The Paddle League is today revealing “stage two” of its plan to help unify the sport, with the key announcement being the addition of 41 regional events to the existing 9 majors, which creates a combined platform of 50 independent races in 25 nations that we’re hoping will be the start of a new era in stand up paddling.
After announcing the The Paddle League World Tour in January, which includes “Majors” such as the Air France Paddle Festival, Carolina Cup and Gorge Paddle Challenge, the addition of these 41 “Regionals” completes the first wave of Season 2018.
The number will almost certainly grow in the coming weeks as more late-season Regionals are finalised (we’re still in talks with a few well-known races), with all events contributing points to the new interlinked Paddle League World Rankings; the new name and new home of the original SUP Racer World Rankings.
Supporting the grassroots of the sport is a key goal of everything we’re doing at The Paddle League (which, full disclosure, I’m a co-founder of), so we’re stoked to be working with and helping support so many classic regional events.
We’re being careful not to promise a lot, especially in this inaugural season, but we’re really striving to help unify the sport, and by connecting these 50 events to a wider storyline about the sport… well, let’s just say we’re excited!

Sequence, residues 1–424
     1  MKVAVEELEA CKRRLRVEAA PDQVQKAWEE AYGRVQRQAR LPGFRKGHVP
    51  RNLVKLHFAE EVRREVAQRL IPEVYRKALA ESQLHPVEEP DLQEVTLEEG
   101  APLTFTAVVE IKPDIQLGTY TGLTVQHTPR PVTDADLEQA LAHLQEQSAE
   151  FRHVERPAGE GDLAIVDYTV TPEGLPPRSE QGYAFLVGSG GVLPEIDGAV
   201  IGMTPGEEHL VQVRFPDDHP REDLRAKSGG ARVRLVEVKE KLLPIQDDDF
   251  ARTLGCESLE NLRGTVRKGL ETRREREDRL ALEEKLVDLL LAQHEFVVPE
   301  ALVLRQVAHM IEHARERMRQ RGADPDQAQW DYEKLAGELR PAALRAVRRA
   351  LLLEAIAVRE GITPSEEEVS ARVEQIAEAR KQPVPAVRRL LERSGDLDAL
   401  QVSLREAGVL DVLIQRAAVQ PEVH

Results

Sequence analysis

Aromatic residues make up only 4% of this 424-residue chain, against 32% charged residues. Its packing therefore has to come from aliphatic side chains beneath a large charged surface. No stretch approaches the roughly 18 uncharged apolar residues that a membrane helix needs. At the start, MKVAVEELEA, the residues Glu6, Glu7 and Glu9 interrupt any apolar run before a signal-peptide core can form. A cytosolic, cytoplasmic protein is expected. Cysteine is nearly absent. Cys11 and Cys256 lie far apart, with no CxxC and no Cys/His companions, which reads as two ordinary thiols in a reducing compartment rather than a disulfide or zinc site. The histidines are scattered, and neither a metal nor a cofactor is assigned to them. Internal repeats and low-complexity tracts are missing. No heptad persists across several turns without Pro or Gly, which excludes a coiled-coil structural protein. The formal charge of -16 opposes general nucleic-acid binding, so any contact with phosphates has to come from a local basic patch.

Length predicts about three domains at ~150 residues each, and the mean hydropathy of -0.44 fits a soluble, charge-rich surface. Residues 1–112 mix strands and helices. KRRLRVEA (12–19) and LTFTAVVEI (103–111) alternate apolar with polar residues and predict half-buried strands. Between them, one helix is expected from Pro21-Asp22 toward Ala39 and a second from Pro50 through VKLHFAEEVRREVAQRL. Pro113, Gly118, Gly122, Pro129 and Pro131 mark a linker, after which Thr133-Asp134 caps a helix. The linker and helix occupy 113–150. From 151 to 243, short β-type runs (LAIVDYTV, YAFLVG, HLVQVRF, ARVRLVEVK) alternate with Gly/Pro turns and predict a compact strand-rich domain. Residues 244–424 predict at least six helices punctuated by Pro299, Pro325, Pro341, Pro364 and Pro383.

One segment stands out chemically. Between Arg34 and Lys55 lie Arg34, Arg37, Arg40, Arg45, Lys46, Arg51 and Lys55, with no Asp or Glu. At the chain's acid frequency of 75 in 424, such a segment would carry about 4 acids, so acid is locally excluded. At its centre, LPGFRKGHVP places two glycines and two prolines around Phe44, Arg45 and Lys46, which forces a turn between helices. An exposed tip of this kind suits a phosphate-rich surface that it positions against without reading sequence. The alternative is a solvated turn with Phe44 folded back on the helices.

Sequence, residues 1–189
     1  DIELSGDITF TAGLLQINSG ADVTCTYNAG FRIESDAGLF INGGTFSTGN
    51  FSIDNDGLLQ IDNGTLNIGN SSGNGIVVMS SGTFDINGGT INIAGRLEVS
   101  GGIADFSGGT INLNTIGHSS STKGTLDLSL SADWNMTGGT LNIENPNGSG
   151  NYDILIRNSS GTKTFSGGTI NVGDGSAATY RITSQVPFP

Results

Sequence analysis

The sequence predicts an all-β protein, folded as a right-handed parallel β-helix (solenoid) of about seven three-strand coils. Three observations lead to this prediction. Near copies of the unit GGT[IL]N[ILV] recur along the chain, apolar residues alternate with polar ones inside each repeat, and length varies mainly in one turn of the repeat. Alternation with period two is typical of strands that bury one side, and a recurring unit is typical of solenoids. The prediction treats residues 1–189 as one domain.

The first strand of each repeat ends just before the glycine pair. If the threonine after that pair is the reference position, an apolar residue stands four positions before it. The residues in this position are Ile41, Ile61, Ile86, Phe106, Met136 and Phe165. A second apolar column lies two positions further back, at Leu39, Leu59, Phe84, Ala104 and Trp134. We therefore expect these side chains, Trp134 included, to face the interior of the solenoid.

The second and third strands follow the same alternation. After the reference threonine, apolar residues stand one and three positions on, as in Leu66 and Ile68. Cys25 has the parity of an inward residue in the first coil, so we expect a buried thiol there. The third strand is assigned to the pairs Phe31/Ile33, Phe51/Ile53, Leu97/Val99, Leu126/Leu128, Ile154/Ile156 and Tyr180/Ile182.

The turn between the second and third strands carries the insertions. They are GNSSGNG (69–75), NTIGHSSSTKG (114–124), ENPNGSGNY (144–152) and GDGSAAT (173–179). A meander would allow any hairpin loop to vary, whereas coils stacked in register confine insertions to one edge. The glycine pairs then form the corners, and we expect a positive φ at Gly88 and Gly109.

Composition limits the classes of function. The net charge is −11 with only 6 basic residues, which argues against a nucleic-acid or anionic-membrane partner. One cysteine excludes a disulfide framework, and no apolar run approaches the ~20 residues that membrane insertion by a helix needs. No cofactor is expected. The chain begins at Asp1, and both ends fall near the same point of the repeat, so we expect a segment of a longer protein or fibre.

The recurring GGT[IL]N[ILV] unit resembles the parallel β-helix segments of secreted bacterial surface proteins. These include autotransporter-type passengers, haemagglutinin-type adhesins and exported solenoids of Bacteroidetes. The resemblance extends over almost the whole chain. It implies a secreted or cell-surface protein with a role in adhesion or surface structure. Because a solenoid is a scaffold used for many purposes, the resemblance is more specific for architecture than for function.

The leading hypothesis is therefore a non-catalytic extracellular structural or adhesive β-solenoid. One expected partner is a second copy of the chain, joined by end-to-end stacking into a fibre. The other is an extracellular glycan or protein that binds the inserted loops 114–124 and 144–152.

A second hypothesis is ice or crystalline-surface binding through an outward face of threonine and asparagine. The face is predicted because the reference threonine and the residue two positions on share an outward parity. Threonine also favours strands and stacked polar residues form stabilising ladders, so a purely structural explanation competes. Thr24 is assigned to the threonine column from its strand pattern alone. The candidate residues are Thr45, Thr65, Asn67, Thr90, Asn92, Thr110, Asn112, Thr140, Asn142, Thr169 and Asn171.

The Regionals include a big variety of locations – France to Finland, Key West to Kiev and Brazil to the Basque Country – plus a range of unique formats: downwinders, beach races, marathons, river races and plenty of flat water, entry-level events for paddlers of all levels.
There are familiar names: Maui-2-Molokai, Florida’s Key West Classic and the Battle of the Bay in San Francisco.
There are bold new frontiers: river racing in the Czech Republic (Krumlovsky Vodacky), the Kiev Open in Ukraine and other new stops from Singapore to South Africa, Taiwan to Thailand and dozens of other places in between.
The Paddle League is also partnering with the reigning authority of European paddling, the EuroTour, to help further unify the sport. Each stop of the EuroTour will award athletes world ranking points as the sport’s two biggest tours join forces. This is particularly exciting and could potentially herald a new era for the sport. Again, we’re not promising a lot, but we’re pretty damn excited about this season.
The 10-week EuroTour also includes a couple of fresh stops this year, with the new event in Alicante (Spain) looking particularly promising as a “Regional Major.”
Looking further afield: One of the biggest events in the world, the 1000+ participant Aloha Spirit Festival in Brazil (pictured below), becomes a post-season Regional Major as The Paddle League expands to support one of the largest and most passionate paddling nations.